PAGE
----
Requirements to be a USMC Counterintelligence / Human Intelligence Officer: Must be a US citizen, pass security clearance, must have a DLAB test on file. Must complete the MAGTF/CI HUMINT Basic Course at Navy Marine Corps Intelligence Training Center, must submit to a polygraph test and must complete the Basic Intelligence Officer Course (BIOC).

MOS 0205: Senior All-Source Intelligence Analysis Officer

Senior all-source intel analysis officers plan parts of the intelligence cycle. They oversee analysis over terrain, weather, threats, cultural issues, infrastructure, economic, geopolitical and targeting.

Requirements to be A USMC Senior All-Source Intelligence Analysis Officer: Must pass a special background investigation, have previously served in MOS’s 0231, 0241, 0261 or 2629. You must also complete the Marine Corps Intelligence Analysis Career Course
(MIACC) at NMITC in Dam Neck, Virginia.

MOS 0206: Signals Intelligence / Ground Electronic Warfare Officer

Signals Intelligence (SigInt) Officers / Ground Electronic Warfare Officers use field skills and technical knowledge in a physically and mentally challenging job. It is an officer position that provides a chance to lead some of the Marine Corps most brilliant-minded Marines. It involves a lot of technical know-how and you will be taught communications theory and LAN/WAN basics that are not taught at Officers’ School. It is a job that requires the ability to live in the field, while also being able to effectively communicate with top-level military personnel.

Requirements to be a USMC Signals Intelligence Officer or Ground Electronic Warfare Officer: Must be a US citizen, pass security clearances, must have a DLAB test on file, must complete the Signals Intelligence Officer Basic Course (SIOC) at the Navy Marine Corps Intelligence Training Center (NMITC) in Dam Neck, VA. Marines must also complete the Basic Intelligence Officers Course (BIOC).

MOS 0207: Air Intelligence Officer

Air intelligence officers perform intelligence billets within the air wing. Billets include targeting officer, collections officer, dissemination officer, S-2 officer of a fixed-wing or rotary wing squadron, and intelligence officer at an intelligence battalion.

Requirements to be a USMC air intelligence officer: Must be a US citizen, must pass top-secret security clearance, must have a DLAB test score on file, must be a lieutenant to be assigned as a primary MOS, must complete the Air Intelligence Officer Course (AIOC) and the Basic Intelligence Officers Course (BIOC).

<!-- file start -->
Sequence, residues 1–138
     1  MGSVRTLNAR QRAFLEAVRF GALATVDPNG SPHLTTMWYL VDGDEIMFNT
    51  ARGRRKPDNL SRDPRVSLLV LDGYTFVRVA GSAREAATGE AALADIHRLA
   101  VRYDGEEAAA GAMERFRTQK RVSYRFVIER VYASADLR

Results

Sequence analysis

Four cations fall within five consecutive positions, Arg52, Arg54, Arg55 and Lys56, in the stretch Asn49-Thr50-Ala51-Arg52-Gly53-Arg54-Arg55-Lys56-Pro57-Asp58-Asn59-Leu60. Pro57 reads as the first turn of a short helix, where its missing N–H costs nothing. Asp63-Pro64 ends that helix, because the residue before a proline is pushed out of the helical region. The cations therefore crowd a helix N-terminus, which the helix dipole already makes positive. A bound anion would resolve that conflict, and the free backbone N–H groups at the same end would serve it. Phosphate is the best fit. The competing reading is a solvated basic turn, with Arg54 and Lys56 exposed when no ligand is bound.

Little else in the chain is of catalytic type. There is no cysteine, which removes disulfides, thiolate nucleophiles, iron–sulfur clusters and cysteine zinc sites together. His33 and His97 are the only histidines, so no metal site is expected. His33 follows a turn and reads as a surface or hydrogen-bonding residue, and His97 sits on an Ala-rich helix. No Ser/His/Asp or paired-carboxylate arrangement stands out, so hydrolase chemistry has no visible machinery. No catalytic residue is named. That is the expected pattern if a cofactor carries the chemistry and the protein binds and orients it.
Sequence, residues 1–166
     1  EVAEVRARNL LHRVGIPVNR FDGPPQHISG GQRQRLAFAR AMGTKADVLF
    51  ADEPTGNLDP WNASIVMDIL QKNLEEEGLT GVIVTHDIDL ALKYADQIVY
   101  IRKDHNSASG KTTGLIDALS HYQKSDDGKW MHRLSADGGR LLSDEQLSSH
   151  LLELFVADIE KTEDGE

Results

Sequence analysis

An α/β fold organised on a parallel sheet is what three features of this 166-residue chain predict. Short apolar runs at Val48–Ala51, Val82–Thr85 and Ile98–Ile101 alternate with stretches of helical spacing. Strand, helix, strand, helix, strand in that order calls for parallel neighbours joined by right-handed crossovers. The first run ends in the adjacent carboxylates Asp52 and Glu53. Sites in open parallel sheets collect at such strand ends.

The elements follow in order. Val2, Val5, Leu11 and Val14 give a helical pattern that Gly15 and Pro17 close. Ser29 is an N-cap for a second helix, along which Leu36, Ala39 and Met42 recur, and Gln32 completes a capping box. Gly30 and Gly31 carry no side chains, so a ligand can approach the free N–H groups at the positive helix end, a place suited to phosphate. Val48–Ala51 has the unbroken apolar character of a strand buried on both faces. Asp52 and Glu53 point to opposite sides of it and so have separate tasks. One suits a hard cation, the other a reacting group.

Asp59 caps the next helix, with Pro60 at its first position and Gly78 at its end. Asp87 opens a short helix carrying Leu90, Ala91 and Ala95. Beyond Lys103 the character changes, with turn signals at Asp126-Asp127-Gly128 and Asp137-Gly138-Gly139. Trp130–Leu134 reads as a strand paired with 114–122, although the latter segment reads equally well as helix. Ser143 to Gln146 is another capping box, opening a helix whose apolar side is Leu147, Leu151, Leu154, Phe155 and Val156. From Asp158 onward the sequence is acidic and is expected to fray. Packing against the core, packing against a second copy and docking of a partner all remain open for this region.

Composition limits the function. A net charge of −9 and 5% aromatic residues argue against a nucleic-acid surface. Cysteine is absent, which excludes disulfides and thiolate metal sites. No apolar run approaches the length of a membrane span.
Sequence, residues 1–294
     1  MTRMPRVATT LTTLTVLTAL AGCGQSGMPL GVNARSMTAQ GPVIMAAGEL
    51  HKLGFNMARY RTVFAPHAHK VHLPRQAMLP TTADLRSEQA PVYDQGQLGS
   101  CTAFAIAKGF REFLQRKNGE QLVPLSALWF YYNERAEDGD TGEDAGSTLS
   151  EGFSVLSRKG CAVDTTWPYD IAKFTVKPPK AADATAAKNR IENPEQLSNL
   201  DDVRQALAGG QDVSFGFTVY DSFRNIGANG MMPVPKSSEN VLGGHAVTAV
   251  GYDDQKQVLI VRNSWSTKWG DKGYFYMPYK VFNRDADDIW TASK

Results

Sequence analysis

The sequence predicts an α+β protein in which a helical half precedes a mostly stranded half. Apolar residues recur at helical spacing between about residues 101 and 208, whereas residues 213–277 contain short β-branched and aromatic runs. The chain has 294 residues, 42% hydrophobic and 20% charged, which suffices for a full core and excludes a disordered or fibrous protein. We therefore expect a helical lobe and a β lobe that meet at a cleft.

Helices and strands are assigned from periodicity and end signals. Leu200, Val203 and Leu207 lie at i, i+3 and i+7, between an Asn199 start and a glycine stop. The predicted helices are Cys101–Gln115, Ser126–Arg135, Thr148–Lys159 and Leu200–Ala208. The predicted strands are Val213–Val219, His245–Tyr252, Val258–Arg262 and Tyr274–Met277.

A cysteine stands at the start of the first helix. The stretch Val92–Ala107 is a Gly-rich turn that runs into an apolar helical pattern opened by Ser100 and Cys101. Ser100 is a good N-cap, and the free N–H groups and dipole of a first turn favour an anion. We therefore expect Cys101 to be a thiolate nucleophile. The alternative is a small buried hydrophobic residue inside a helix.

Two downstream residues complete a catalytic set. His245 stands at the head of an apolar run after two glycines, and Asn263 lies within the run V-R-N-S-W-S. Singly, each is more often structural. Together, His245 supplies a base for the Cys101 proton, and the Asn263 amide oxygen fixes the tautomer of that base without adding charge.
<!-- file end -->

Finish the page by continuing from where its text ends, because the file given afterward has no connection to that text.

0210 Counterintelligence/HUMINT Specialist

Counterintelligence officer officers require extensive technical knowledge to plan, direct, lead and execute CI and HUMINTintel operations. they support the commander’s operations and provide counterintelligence support to HUMINT operations. Counterintel specialists advise commanders on enemy counterintelligence activities.

Requirements to be a USMC Counterintelligence Specialist: Must pass top-secret security clearance, must hold PMOS 0211 with two years of experience in mos 0211, must be a US citizen and must be willing to submit to a polygraph test.

0212 Technical Surveillance Countermeasures Specialist – MSGT-SGT

0231 Intelligence Specialist – MSGT-PVT

0241 Imagery Analysis Specialist – MSGT-SGT

0251 Interrogator/Debriefer – MSGT-CPL (No longer assigned)

0261 Geographic Intelligence Specialist – MSGT-PVT

0282 Tactical Debriefer (TD) (FMOS)

0283 Advanced Foreign Counterintelligence Specialist (AFCS)

0287 Military Source Operations Specialist (MSOS) (FMOS)

0289 Strategic Debriefing Specialist (SDS) (FMOS)

0291 Intelligence Chief (PMOS)

0293 Advanced Military Source Operations Specialist (AMSOS)

0291 Intelligence Chief – MGYSGT

RS Salt Lake City UT Marine Corps Recruit Station

RS Salt Lake City is a recruit station under the jurisdiction of the 12th Marine Corps Recruiting District. RS Salt Lake City covers large areas in the US Northwest region, mainly in Utah, Idaho and Montana. RS Salt Lake City is under the command of the Marine Corps Recruiting Command (MCRC) and has headquarters in Salt Lake City.

If you are interested in joining the Marines and you live in the Salt Lake City area, contact a recruiter at the address nearest you from the locations listed here.

RS Salt Lake City’s MEPS Address

2832 S Redwood Rd
Salt Lake City, UT 84119
Phone Number: (801) 975-7986

Boise MEPS Address (Marines, Army, Navy, Air Force)

550 W Fort St
Boise, ID 83724
Phone Number: (208) 334-1825

Butte Montana MEPS Address

22 W. Park St.
Butte, Mt 59701
(406) 782-3765

RS Salt Lake City Headquarters

1279 W 2200 S #A
West Valley, UT 84119
(801) 954-0411

Recruit Substations of RS Salt Lake City

RSS Billings

1603 Grand Avenue
Billings, MT 59102-3000
(406) 248-1170

RSS Boise

8269 W Franklin Rd
Boise, ID 83709
(208) 376-0077

RSS Bozeman

2825 West Main Street
Bozeman, MT 59718-3927
(406) 587-3081

RSS East Salt Lake City

2728 South State Street
South Salt Lake, UT 84115-3617
(801) 485-6341

RSS Great Falls

1201 10th Avenue South
Great Falls, MT 59405-4415
(406) 452-4126

RSS Helena

222 East Lyndale Avenue
Helena, MT 59601-2908
(406) 442-3871 ‎

RSS Helena (2nd Location)

515 North Sanders Street